Infographic: Microsoft Pulls Ahead (Again) in Long Rivalry With Apple | Statista You will find more infographics at Statista

No matter who wins the current tug-of-war, it’s becoming increasingly likely that one — or both — of these companies may cross the $3 trillion mark for the first time ever this year.

Gov’t to Airlines: No Merger for You!

The U.S. Justice Department has effectively put the kibosh on JetBlue Airways’ (NSDQ: JBLU) planned acquisition of Spirit Airlines (NYSE: SAVE).

Surprise, surprise.

The Biden administration hasn’t been fooling when it has taken an anti-M&A stance.

Now a federal judge has blocked the purchase, agreeing with the Justice Department that the merger would drive up budget fares and hurt competition.

In July 2022, JetBlue devised its plan to purchase Spirit after winning a bidding war with Frontier Group (NSDQ: ULCC). The deal was valued at $3.8 billion.

If it had gone through, it would have made the combined airline — which would carry the JetBlue moniker — the U.S.’s fifth-largest carrier, behind United Airlines (NSDQ: UAL), Delta Air Lines (NYSE: DAL), American Airlines (NSDQ: AAL), and Southwest Airlines (NYSE: LUV).

“JetBlue plans to convert Spirit’s planes to the JetBlue layout and charge JetBlue’s higher average fares to its customers,” the U.S. District Court judge wrote in his decision. “The elimination of Spirit would harm cost-conscious travelers who rely on Spirit’s low fares.”

Currently, the “Big Four” airlines control nearly 80% of the domestic air travel market.

However, JetBlue and Spirit have gamely announced they’re still going to try to get a deal go through.

“We continue to believe that our combination is the best opportunity to increase much-needed competition and choice by bringing low fares and great service to more customers in more markets while enhancing our ability to compete with the dominant U.S. carriers,” a joint statement from the two airlines said.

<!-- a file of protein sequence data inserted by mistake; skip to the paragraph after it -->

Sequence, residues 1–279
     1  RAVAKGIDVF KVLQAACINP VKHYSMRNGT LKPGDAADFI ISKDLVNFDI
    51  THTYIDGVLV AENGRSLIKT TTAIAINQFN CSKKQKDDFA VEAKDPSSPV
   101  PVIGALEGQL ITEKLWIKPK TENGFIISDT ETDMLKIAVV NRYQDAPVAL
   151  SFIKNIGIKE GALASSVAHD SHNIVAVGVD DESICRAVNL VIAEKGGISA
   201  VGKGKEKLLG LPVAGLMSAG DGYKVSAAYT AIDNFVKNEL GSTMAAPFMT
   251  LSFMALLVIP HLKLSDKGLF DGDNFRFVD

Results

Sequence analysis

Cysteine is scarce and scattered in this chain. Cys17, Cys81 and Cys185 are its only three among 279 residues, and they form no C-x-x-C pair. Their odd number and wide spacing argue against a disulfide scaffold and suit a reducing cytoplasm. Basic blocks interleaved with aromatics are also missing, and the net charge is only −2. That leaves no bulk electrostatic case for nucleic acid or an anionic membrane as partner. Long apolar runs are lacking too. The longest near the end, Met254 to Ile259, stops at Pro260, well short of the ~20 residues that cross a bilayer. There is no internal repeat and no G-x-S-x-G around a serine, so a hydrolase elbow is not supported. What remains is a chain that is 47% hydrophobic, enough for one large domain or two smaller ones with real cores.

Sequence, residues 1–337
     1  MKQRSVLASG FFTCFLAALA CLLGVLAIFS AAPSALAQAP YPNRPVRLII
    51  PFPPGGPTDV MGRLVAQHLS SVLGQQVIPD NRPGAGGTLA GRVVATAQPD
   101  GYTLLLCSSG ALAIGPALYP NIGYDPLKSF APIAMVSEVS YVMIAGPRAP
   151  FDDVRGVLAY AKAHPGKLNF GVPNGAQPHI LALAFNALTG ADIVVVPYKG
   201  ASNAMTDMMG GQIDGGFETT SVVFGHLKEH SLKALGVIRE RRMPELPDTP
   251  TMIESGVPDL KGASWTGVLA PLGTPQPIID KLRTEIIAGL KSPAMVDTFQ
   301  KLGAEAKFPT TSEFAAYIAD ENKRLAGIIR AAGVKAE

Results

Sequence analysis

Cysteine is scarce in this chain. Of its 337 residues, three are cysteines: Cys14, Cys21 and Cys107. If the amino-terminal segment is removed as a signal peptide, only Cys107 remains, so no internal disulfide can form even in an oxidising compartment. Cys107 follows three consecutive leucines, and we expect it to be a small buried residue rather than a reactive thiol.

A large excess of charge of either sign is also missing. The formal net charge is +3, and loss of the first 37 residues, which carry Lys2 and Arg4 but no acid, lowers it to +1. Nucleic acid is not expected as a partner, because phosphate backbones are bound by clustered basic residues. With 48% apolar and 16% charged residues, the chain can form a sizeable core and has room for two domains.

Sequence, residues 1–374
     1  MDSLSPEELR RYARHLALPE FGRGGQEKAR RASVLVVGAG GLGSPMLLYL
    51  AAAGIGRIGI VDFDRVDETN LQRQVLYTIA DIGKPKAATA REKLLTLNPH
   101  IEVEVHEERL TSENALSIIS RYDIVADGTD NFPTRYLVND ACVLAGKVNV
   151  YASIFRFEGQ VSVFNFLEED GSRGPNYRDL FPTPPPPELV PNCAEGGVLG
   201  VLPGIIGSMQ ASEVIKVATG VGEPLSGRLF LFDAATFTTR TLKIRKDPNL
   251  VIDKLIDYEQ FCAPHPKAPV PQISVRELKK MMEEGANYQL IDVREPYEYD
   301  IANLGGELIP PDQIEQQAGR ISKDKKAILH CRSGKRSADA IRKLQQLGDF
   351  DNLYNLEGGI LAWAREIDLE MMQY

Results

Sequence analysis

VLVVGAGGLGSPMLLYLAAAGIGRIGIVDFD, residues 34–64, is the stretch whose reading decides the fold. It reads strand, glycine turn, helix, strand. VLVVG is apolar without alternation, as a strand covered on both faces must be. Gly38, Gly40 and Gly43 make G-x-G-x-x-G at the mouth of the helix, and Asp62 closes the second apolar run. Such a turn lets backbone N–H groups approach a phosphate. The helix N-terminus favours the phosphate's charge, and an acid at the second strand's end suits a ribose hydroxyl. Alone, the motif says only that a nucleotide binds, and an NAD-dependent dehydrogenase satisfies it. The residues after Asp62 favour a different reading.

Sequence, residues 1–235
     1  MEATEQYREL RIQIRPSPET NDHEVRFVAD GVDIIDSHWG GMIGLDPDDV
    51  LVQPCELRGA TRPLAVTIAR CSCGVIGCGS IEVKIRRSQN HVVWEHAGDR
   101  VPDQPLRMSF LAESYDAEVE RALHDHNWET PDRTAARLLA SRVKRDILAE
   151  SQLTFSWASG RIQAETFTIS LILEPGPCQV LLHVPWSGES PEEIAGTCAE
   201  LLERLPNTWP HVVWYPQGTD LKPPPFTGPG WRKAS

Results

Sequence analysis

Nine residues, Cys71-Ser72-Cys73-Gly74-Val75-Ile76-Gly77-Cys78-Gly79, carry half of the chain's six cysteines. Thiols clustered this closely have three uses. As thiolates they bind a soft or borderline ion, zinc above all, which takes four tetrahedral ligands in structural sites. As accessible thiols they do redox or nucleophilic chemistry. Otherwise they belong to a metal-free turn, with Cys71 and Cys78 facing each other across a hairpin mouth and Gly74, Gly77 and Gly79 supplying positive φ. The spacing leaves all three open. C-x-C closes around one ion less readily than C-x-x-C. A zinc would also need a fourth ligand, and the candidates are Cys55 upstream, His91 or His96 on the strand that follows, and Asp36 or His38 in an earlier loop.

“We are reviewing the court’s decision and are evaluating our next steps as part of the legal process.”

Musk Wants More

Oh, that silly old Elon Musk!

His latest shenanigans: Demanding a larger compensation package from Tesla (NSDQ: TSLA), the company he’s supposed to be CEO-ing when he isn’t buying social media companies for too much money.

In a series of posts on X, the world’s richest man complained that he wants a bigger payday from Tesla that would amount to 25% of the company’s stock. Currently, he owns about 12% of the electric vehicle (EV) maker.

You see, Musk apparently has big plans for Tesla — which don’t involve EVs. He believes the company’s “real” future lies in AI and robotics. And he’s concerned that by not having a big enough position in the company, other shareholders — such as institutional investors — can nix his ideas.

“I am uncomfortable growing Tesla to be a leader in AI and robots without having ~25% voting control,” Musk wrote. “Enough to be influential, but not so much that I can’t be overturned. Unless that is the case, I would prefer to build products outside of Tesla.”

Of course, Musk owned more than 20% of Tesla. But he sold off a big chunk of that to buy Twitter for an ill-advised $44 billion.